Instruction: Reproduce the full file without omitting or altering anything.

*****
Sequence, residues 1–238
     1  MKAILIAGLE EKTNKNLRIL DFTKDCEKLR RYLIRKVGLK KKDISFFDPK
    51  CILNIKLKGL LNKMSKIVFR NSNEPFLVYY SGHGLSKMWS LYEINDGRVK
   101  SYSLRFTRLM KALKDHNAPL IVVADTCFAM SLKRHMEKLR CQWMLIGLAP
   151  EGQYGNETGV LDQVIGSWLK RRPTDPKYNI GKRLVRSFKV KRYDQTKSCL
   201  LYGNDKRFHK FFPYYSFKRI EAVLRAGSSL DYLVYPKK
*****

Sequence, residues 1–238
     1  MKAILIAGLE EKTNKNLRIL DFTKDCEKLR RYLIRKVGLK KKDISFFDPK
    51  CILNIKLKGL LNKMSKIVFR NSNEPFLVYY SGHGLSKMWS LYEINDGRVK
   101  SYSLRFTRLM KALKDHNAPL IVVADTCFAM SLKRHMEKLR CQWMLIGLAP
   151  EGQYGNETGV LDQVIGSWLK RRPTDPKYNI GKRLVRSFKV KRYDQTKSCL
   201  LYGNDKRFHK FFPYYSFKRI EAVLRAGSSL DYLVYPKK